Humans have always pushed boundaries. From searching for new worlds in the 15th century to exploring new planets today, the human race is constantly seeking change and innovation – and that’s no different in the banking world. Powered by the rapid development of technology, the banking sector has, and will continue, to change and evolve.

In this era of digital transformation, banks are leveraging cutting-edge technologies such as artificial intelligence, blockchain, and data analytics to enhance their services. These innovations are not only streamlining banking operations but also creating a more personalised and responsive banking experience for customers. The all-pervasive technology layer continues to evolve, with the emergence of decentralised finance (DeFi) and open banking initiatives, which further empower customers by giving them more control over their financial data and allowing them to access a wider range of financial services.

As customers increasingly expect seamless and convenient banking solutions, banks are harnessing the power of automation and data-driven insights to provide tailored financial products and services. The advent of mobile banking apps, chatbots, and virtual assistants has brought banking services closer to customers’ fingertips, making it easier for them to manage their finances on the go.

Customer centricity lies at the heart of banking and the future of banks hinges on the industry’s ability to personalise services and embrace technological innovation.

Generation Alpha

Historically, banking has been the backbone of commerce, from trading in Renaissance Italy to the complex financial tools of today. The core mission remains the same, but the means and mechanisms are evolving. In 2024, banks are redefining their role, aiming to serve not just as financial centers but as holistic platforms developed specifically for customer engagement.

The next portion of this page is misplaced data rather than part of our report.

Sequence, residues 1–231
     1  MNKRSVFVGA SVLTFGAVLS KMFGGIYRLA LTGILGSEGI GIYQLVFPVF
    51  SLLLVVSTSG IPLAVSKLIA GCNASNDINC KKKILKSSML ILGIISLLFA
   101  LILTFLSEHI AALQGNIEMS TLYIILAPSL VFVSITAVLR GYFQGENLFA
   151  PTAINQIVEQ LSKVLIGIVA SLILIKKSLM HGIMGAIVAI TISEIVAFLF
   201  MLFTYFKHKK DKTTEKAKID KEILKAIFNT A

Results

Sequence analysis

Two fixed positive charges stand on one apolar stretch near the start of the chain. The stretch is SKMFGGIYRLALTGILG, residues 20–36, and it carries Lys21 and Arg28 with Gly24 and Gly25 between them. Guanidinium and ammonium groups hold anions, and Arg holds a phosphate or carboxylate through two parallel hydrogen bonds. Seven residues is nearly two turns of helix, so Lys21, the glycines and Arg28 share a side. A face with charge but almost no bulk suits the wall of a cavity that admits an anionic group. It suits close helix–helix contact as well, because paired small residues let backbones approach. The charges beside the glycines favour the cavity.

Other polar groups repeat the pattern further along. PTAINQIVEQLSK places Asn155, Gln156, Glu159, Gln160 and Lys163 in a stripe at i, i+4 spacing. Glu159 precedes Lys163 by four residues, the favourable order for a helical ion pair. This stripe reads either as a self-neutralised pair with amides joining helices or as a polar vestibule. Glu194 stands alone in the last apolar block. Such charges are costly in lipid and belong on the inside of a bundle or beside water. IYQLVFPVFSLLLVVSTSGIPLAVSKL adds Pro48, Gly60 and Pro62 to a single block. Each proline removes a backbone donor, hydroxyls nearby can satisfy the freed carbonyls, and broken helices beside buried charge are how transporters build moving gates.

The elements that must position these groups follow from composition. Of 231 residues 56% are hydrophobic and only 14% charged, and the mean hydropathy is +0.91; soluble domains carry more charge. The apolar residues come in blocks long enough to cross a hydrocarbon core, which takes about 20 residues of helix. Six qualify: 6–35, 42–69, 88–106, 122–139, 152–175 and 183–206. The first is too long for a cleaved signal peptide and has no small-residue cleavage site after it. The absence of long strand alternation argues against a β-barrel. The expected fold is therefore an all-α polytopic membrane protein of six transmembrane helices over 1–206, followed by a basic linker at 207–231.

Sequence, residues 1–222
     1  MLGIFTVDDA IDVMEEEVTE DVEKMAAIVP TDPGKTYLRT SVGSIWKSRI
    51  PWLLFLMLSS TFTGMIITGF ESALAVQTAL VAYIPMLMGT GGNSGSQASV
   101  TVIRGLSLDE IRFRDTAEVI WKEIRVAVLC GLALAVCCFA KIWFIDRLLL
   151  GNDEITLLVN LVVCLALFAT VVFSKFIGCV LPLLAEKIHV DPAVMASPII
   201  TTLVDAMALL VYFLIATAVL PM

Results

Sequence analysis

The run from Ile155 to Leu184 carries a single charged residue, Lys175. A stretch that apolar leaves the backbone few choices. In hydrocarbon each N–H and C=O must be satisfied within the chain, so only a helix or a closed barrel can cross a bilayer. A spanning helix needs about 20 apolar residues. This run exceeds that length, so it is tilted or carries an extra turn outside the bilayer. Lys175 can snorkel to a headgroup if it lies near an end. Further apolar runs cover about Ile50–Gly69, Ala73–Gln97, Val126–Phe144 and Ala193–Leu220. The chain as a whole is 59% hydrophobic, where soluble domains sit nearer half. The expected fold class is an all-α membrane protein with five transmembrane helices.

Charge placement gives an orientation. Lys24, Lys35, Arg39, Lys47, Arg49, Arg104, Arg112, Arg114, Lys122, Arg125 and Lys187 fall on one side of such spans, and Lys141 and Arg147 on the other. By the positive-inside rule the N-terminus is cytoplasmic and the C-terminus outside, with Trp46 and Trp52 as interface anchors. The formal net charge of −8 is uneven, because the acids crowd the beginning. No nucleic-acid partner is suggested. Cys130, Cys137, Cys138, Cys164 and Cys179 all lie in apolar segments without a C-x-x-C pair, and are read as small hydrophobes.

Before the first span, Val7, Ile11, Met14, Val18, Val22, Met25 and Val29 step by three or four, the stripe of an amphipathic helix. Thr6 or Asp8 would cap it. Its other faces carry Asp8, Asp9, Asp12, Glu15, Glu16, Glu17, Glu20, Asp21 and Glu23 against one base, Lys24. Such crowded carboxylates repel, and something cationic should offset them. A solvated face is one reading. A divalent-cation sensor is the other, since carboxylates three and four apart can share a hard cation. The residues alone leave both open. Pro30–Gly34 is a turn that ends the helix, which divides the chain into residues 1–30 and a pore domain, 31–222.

The rise of Generation Alpha, those born from 2010 onwards, signifies a new chapter in consumer behavior. Generation Alpha will demand the most from the banking system, more than previous generations, over the next few decades and their sheer affinity to technology will force banks to utilise technology like they do and provide a technology first service that caters to their specific financial needs. This generation’s familiarity with digital technology shapes their expectations of banking services. They seek platforms where transactions are not just transactions but experiences—seamless, immediate, empathetic and integrated into their digital lives.

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To cater to this tech-savvy generation, banks must harness the power of data analytics and artificial intelligence (AI) to offer real-time, context-aware services. The concept of a static credit rating, for instance, is becoming outdated. Instead, dynamic credit assessments at the point of sale will become the norm, allowing for more accurate and immediate financial decisions. Credit assessments are no longer just transactional but take into account people’s social behavior and moral values as highlighted by China’s new social credit law. Credit must become contextual.

The principles of intuitive design, intelligence, and individualisation are key to the future of banking. Financial advice, once the realm of human experts, is being augmented by AI systems that can provide personalized financial plans with minimal human oversight. The goal is for banking services to anticipate customer needs and offer tailored solutions without the customer having to ask.

Technology first approach and digital collaboration